One of the many advantages of living abroad for extended periods of time is that your paths cross with people who, there’s a good chance, you would have never met otherwise. A case in point is Jane (Deane) Babb, who we met while living in Poland back in the late 1990s. Jane was visiting Warsaw from Dublin and we had dinner with her and our friend John Babb on one or two occasions.
As with many of our acquaintances from foreign postings we don’t hear from the Babbs often but when we do it’s always good to catch up on families, careers and events. A recent catch-up came from John in the way of a link to an essay that Jane wrote recently for Quiet Revolution, an interesting website devoted to interludes of quiet.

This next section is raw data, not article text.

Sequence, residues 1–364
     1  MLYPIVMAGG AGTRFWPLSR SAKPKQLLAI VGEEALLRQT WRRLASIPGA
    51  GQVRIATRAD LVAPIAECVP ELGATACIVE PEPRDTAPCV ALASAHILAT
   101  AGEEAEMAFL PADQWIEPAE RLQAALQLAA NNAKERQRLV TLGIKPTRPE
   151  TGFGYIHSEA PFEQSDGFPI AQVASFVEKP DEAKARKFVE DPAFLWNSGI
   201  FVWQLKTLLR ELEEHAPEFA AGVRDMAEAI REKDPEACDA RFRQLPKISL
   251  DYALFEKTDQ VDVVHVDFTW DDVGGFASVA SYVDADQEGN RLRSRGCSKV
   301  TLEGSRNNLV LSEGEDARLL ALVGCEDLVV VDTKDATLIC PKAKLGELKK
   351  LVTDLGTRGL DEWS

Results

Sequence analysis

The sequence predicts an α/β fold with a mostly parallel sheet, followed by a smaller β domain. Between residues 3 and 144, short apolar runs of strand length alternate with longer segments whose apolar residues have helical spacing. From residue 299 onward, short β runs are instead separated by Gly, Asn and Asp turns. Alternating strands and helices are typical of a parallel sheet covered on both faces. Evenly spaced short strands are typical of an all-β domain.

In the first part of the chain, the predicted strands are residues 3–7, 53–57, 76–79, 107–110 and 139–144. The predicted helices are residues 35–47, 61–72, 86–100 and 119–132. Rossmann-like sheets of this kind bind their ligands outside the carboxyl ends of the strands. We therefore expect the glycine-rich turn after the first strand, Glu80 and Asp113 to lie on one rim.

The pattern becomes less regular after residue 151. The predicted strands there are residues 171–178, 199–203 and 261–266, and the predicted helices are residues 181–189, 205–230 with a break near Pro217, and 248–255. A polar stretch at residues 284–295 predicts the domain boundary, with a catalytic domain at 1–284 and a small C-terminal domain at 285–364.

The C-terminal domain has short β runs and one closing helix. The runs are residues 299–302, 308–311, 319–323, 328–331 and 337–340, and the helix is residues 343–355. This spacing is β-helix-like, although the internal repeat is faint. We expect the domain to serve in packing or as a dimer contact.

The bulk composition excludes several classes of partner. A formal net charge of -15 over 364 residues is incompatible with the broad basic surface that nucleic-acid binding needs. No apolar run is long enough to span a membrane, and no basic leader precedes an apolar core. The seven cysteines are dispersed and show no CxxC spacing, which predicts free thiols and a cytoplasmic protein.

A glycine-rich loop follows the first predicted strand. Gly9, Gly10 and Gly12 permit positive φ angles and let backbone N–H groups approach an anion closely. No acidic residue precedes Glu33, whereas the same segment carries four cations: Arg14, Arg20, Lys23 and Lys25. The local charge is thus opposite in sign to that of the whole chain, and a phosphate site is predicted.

And in her essay Jane writes – perhaps surprisingly given the stereotypical view of the Irish – of the power of quiet and silence in Ireland’s writing and mythology. My recent trip to Ireland has led me to reexamine the Táin Bó Cúailnge – oddly in the Thomas Kinsella translation that Jane recommended back in 1998 and I still have on my bookshelf – as well as many of the myths as recorded by Mary Haney, Lady Gregory and others. Amongst the violence – and my but my people were a violent people – there are always those grace notes of quiet and contemplation.
A left click on the rondelle (The Tale of the Twelve Wild Geese) will take you to Jane’s thoughts that I wanted to share with you.